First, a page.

What Should YouTube Do
I’ll admit that I’m neither an engineer nor a YouTube insider. I’m just a podcaster with a YouTube channel that can tell that YouTube’s Content ID is broken. My ideas on how to fix it are basic, but I think have some sense.
First, disputes are sent to the claimants to respond to and only if they graciously refuse your dispute (or refuse to respond to it after 30 days) does the claim get released. The amount of time that claimants are given should be reduced to no more than 15 days. The idea that they need 30 days is absurd, particularly as more and more people’s livelihoods dependent on YouTube. It should also be easier to have someone from YouTube be able to get directly involved and research the case. Indeed, YouTube should probably retain a team of paralegals trained in copyright law for that purpose.
Second, the easiest way to avoid disputes over U.S. copyright is to have publication dates on the audio or video. Was the film released before 1929 or the sound recording before 1924? Then they’re in the public domain in the United States. If publication dates were added to Content ID entries, then on January 1, expired U.S. copyrights could be deleted from the system. This process could be something YouTube could ask of companies that have submitted Content ID or could be done by Google with the assistance of AI.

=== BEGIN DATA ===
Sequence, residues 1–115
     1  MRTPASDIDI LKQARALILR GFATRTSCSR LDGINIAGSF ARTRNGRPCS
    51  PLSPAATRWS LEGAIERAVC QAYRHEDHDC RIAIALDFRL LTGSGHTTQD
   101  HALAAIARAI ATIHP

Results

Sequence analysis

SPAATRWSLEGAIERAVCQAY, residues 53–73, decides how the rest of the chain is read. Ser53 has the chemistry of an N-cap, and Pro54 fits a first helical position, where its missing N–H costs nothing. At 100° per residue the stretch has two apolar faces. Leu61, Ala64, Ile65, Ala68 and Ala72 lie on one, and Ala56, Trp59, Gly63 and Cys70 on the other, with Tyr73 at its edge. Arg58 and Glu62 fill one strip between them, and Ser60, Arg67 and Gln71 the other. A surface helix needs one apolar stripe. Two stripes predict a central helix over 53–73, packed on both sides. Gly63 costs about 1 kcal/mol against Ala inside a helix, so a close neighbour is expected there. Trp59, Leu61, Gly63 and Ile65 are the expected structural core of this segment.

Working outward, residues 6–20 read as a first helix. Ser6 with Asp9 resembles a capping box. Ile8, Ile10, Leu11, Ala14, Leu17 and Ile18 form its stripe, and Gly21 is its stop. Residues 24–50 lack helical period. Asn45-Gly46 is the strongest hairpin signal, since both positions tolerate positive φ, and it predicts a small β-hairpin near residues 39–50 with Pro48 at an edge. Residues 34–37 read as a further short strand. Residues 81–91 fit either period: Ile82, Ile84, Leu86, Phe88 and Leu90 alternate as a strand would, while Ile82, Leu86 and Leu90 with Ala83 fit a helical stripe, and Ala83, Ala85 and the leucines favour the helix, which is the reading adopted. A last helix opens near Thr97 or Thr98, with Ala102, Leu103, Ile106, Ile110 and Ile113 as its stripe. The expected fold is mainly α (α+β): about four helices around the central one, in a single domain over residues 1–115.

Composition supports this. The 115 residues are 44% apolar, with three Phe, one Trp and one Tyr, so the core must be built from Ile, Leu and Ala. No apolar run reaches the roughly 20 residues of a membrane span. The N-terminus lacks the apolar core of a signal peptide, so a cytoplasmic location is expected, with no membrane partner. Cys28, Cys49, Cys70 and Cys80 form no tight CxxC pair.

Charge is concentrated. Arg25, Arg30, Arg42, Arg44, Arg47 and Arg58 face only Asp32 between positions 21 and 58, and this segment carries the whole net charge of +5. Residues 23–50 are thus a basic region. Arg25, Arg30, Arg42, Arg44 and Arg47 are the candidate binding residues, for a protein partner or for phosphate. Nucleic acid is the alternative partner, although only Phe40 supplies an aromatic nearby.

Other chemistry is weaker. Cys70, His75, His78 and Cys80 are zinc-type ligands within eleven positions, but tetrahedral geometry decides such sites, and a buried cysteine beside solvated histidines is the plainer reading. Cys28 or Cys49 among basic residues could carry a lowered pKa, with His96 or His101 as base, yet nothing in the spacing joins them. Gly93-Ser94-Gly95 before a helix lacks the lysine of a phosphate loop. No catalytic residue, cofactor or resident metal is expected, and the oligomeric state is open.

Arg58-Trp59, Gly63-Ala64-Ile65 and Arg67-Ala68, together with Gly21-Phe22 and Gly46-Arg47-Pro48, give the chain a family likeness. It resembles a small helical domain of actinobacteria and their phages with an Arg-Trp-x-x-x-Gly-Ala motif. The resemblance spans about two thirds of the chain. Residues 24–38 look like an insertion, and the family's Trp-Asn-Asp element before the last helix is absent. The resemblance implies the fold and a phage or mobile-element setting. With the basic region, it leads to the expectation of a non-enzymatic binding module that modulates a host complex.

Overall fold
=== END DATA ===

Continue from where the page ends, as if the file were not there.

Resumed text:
This gets a bit more confusing with International Copyrights which are often based on the year of the creator’s death. But I think if Google gets the copyright law right for the country its headquartered in, that would be a good start.
This would also be an expensive project, but Google has set YouTube as the world’s premier content provider. And there are serious responsibilities that go along with status. Not all of them can be met on the cheap. Google owes it to its creators and to the society that makes its existence and profitability possible to get this right.